Back-to-School Tips for Parents and Cyber-Students Pt. 1
Part One: Getting You Geared-Up & Safely Online
We heard a Marketplace Morning Report radio story about public schools asking parents to buy tablet computers and laptops for their kids to use in class and for homework. If your child’s school has asked you to do that, you may want to give it a listen.
It offers good advice for newbie and tech-savvy parents, like asking your child’s teacher exactly what functions the computer must be able to do – to help you find the best computer to meet your student’s needs and your budget – before you start shopping.
It also suggests checking with your school district to see if a financial assistance or a subsidy program is available to help make the purchase more affordable, or looking into non-profit programs “like Computers For Kids, for example, or computer-loan programs like Accelerated Schools.”
That’s where the radio story ends. But for parents, it’s just the beginning. Be aware that once you acquire that new laptop or tablet, it’s time to start working on the next – and probably most important – step in the process for your son or daughter, preparing them and their computer to be cyber-safe.
That’s because the Internet and computing devices that connect to it can be like a double-edged sword. If used appropriately and with care a connected computer can do infinitely great things for us. But if we use it inappropriately or carelessly, it can become a tool of opportunity for those who wish to do us harm.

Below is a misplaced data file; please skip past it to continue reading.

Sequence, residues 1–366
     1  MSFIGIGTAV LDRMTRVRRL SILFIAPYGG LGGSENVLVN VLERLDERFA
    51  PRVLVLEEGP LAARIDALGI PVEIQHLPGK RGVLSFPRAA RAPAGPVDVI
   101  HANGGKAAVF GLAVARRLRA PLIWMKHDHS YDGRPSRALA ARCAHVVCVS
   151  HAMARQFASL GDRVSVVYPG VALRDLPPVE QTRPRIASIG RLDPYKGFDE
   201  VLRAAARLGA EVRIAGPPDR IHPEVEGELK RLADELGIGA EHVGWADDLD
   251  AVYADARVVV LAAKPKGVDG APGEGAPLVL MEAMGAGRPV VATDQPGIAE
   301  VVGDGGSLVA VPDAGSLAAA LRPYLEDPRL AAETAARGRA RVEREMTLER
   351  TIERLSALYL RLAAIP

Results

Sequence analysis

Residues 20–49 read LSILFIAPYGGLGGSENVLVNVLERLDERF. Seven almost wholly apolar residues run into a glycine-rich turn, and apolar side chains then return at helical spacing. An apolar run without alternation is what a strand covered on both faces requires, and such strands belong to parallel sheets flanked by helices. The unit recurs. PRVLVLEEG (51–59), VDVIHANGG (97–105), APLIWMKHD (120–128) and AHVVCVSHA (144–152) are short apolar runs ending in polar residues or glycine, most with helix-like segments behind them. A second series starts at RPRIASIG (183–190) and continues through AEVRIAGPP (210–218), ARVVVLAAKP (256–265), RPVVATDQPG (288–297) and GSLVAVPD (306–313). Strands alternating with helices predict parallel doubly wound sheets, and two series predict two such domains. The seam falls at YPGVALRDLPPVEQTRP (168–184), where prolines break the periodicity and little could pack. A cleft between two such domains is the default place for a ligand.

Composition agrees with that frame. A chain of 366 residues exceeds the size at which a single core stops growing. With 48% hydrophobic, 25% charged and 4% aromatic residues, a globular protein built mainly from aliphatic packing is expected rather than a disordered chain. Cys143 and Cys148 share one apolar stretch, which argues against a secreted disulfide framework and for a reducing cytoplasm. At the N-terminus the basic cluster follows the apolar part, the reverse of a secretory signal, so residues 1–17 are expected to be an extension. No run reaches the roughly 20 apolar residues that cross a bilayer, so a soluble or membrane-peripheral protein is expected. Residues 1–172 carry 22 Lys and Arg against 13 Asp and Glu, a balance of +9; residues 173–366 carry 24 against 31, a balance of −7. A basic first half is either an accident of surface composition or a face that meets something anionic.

By now, you may have come across new and unfamiliar digital terminology. Words like firewall, antivirus software, spyware, browser settings, encryption and parental controls – that you’ll need to start learning about now.
To start, we suggest you contact your child’s teacher. You can also seek out computer-literate family members and friends for advice, or visit a knowledgeable computer retailer. If you have access to the web, you may want to visit the US Computer Emergency Readiness Team (CERT) website and click on the Tips page. This unit of the Department of Homeland Security offers a broad cross-section of personal computer security information written in plain English. Try the “General Security” section to get started.
Once your child is up-and-running online, another interesting website you may want to visit is A Platform for Good. Run by the Family Online Safety Institute, it’s a resource to help parents, teachers and kids to connect, share, and start a dialogue about what it means to participate responsibly in a digital world – which is a topic that we’ll be exploring in our next installment in this Back-to-School series.
In Part 2, Verizon’s Chief Security Officer Michael Mason will share his advice for safe and smart online conduct – ways to avoid problems on the Net today and in the future.